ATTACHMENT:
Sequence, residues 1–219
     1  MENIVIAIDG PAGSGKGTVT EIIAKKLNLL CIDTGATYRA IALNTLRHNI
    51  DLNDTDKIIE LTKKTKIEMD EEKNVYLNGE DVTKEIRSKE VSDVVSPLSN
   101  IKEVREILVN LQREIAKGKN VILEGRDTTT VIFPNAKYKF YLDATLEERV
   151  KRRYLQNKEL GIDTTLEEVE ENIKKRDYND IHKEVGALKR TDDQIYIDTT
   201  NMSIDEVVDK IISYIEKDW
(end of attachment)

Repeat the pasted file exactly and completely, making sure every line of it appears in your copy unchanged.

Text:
Sequence, residues 1–219
     1  MENIVIAIDG PAGSGKGTVT EIIAKKLNLL CIDTGATYRA IALNTLRHNI
    51  DLNDTDKIIE LTKKTKIEMD EEKNVYLNGE DVTKEIRSKE VSDVVSPLSN
   101  IKEVREILVN LQREIAKGKN VILEGRDTTT VIFPNAKYKF YLDATLEERV
   151  KRRYLQNKEL GIDTTLEEVE ENIKKRDYND IHKEVGALKR TDDQIYIDTT
   201  NMSIDEVVDK IISYIEKDW